Popular Science magazine is running a series of items on scientific research projects that seem fairly pointless. They report on experiments that have proven that unathletic kids are unpopular; that rock musicians tend to die young; and that people catch the flu in winter.
Why bother? Two reasons. First, as Mark Twain is supposed to have said, “common sense is neither.” A lot of the things we think we know turn out not to be true. Only by checking them out do we really know what’s what.
Second, confirming a phenomenon exists is the first step toward understanding it. If we want to combat the flu, for instance, it helps to know that, yes, it really does strike more often during a particular time of the year. This may be a clue to how the disease spreads, and how we might be able to stop it.
Sometimes, having an amazing grasp of the obvious can be a good thing!
Courtesy Thag the cavemanDo you enjoy hearing your favorite rock group perform their ear-splitting music in a huge cavernous concert arena with flashing colored lights and giant video imagery? Or listening to hymns and spirituals bounce off the vaulted ceiling of a church full of colorful stained-glassed windows and religious icons? Well, I’ve got news for you. It could be you’re attracted to such things by a deep-seated urge to mix echoing music and art; a practice mankind has apparently been doing since the Stone Age. At least according to a new theory coming out of the University of Paris.
Professor Iegor Reznikoff, a specialist in the resonance of building and spaces, theorizes that the most resonant areas of prehistoric-era caves are also the locations where most of the cave wall paintings appear.
Reznikoff stumbled upon the idea by accident.
"The first time I happened to be in a prehistoric cave, I tried the resonance in various parts of the cave, and quickly the question arose: Is there a relation between resonance and locations of the paintings?"
Reznikoff tested his theory inside various well-known French caves where prehistoric art adorned the walls. As he moved about each space, singing and humming, Reznikoff measured where the optimum resonance occurred.
To his surprise, the most resonant areas of each cave were usually spots where most of the cave art was concentrated. And where the resonance was the greatest, the artwork was the densest. In smaller spaces, such as narrow passages between larger cavern rooms where painting would have been difficult, the walls were marked with red lines.
Courtesy WikipediaIt occurred to Reznikoff that perhaps a cave’s acoustics was important to prehistoric culture, and may be the reason why primitive musical instruments, such as a Neanderthal flute made out of the femur of a bear, have been found in similar caves.
"The [prehistoric] tribes could make sounds with stones, pieces of wood, different types of drums and so on," Reznikoff says. "Of course the Paleolithic tribes did sing, as do all cultural groups from other regions. That they did so in the caves is shown by my studies. The ritual purpose appears very convincing."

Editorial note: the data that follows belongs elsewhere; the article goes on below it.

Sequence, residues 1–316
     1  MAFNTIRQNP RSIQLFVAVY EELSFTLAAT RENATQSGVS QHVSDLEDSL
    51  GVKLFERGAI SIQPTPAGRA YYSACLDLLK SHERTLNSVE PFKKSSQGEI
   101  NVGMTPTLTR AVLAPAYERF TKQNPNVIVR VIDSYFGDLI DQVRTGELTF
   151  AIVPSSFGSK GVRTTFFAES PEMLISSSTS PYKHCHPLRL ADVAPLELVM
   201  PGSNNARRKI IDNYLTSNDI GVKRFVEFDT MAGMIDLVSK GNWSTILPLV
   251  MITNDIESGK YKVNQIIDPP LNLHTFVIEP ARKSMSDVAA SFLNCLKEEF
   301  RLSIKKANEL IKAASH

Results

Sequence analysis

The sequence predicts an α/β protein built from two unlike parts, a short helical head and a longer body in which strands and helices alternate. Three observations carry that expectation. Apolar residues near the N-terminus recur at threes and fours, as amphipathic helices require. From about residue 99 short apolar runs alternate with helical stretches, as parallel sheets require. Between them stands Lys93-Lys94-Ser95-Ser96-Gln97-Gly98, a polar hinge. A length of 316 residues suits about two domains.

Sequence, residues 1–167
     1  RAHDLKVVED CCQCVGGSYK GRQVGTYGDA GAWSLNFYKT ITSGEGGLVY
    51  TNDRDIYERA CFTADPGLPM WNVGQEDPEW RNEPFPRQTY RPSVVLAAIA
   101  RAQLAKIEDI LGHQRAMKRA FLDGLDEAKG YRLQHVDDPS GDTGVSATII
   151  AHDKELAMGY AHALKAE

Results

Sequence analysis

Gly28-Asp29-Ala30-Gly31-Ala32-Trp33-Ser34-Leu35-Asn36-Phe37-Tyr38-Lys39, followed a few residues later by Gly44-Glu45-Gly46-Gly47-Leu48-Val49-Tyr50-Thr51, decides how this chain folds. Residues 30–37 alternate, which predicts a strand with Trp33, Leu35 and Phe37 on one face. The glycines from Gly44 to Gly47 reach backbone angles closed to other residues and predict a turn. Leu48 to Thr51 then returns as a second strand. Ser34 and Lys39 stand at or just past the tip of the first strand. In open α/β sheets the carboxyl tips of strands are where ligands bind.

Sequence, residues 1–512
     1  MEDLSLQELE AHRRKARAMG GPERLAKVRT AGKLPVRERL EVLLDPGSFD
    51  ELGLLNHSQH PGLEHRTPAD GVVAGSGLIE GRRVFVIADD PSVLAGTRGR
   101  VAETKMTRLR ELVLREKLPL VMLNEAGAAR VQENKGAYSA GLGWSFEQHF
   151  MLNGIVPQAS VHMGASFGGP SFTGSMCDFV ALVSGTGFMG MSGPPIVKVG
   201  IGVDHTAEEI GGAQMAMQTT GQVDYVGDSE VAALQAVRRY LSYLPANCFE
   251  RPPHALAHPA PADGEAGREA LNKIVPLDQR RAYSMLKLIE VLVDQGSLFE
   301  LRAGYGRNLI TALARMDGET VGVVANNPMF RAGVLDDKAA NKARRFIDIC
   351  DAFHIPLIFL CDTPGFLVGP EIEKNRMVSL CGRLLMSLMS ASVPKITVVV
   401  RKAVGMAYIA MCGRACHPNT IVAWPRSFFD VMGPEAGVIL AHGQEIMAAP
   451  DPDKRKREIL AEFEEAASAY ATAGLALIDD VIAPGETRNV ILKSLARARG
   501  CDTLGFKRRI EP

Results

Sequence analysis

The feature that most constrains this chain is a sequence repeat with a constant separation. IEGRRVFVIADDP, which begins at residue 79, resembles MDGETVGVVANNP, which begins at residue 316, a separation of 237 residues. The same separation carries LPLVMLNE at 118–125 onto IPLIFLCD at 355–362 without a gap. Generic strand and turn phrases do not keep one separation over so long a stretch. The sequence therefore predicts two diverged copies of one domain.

This may explain why the popularity of cavernous concert halls, and large arena music performances, or even subterranean music clubs continue to be popular to this day. Perhaps the ancestral effects of long ago cave rituals still resonate in us.
Courtesy Mark RyanA long-sought 18th century British warship has finally been discovered on the bottom of one of the Great Lakes bordering Canada and the United States. The HMS Ontario, a Royal Navy sloop that patrolled Lake Ontario during the American Revolutionary War, was sailing to Oswego, New York from Fort Niagara when it sank in a violent storm on October 31, 1780, taking with it all on board.
The shipwreck was discovered a couple weeks ago, sitting in mud under about 500 feet of water off the southern shore of Lake Ontario. Jim Kennard and Dan Scoville, two shipwreck enthusiasts who share credit for the discovery, used side-sonar and an unmanned submersible device to locate the wreck. The two men have been searching together for the HMS Ontario for more than three years. And now that they’ve found it, they’re keeping the location secret, at least for the time being. They’ll only say that it’s in deep water somewhere between Rochester and Niagara.
"It's a British war grave and we want to make sure it remains undisturbed,” said Kennard, a veteran diver who has found over 200 wrecks. Despite the HMS Ontario’s age and present location, it would still be considered property of the British Admiralty.
The HMS Ontario was constructed in the spring of 1780 on Carleton Island
at the lake’s east end where it flows into the St. Lawrence River. The 80-foot sloop was fitted with two masts and 22 cannons and used mainly to ferry soldiers and supplies back and forth across the lake during the summer of 1780. Some historians speculate the warship never fired any of its cannons. When she sank, the Ontario took with her 88 souls - at least according to official records. Letters from an individual living at Fort Niagara at the time claim there were also 30 unlisted American prisoners on the ship who also died in the tragedy.